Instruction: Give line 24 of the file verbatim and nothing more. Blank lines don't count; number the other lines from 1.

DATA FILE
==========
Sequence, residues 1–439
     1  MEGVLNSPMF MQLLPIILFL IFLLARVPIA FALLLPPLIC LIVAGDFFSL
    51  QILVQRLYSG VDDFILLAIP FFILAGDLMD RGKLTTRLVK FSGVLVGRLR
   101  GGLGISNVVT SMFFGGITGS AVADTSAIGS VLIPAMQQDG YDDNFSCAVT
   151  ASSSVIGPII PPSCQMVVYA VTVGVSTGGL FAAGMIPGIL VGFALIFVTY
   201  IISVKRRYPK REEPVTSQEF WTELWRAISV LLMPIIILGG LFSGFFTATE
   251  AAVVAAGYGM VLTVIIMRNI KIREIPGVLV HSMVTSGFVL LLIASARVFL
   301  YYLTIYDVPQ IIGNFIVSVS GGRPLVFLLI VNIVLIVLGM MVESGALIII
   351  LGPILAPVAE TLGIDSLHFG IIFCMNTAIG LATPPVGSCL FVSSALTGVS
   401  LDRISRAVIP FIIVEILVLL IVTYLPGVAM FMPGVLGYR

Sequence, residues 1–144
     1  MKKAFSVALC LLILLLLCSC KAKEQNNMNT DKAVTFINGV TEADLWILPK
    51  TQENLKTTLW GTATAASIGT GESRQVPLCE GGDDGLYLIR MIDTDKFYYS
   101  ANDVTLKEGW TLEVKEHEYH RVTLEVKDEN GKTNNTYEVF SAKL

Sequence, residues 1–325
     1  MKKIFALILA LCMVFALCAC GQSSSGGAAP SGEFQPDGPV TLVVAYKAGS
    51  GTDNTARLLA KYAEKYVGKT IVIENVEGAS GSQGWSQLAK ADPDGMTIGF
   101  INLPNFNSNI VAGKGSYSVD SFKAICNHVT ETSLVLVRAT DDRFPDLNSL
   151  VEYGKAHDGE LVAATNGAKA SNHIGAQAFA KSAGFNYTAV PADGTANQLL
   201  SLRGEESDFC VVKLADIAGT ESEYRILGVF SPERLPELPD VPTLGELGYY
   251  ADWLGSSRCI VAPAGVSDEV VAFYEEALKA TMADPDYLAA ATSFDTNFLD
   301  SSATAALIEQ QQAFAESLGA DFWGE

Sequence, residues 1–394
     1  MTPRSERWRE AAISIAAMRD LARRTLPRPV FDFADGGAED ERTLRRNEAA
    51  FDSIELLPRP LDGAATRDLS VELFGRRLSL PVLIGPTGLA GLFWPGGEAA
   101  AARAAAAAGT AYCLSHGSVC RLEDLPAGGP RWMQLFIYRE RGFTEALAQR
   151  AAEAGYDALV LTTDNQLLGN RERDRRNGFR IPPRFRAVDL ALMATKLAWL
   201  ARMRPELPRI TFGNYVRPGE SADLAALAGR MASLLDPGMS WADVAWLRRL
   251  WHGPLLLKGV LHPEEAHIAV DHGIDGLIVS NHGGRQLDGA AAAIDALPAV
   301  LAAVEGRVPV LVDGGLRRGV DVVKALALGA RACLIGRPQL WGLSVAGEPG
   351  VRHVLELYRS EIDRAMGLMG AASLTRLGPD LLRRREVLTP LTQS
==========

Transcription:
     1  MTPRSERWRE AAISIAAMRD LARRTLPRPV FDFADGGAED ERTLRRNEAA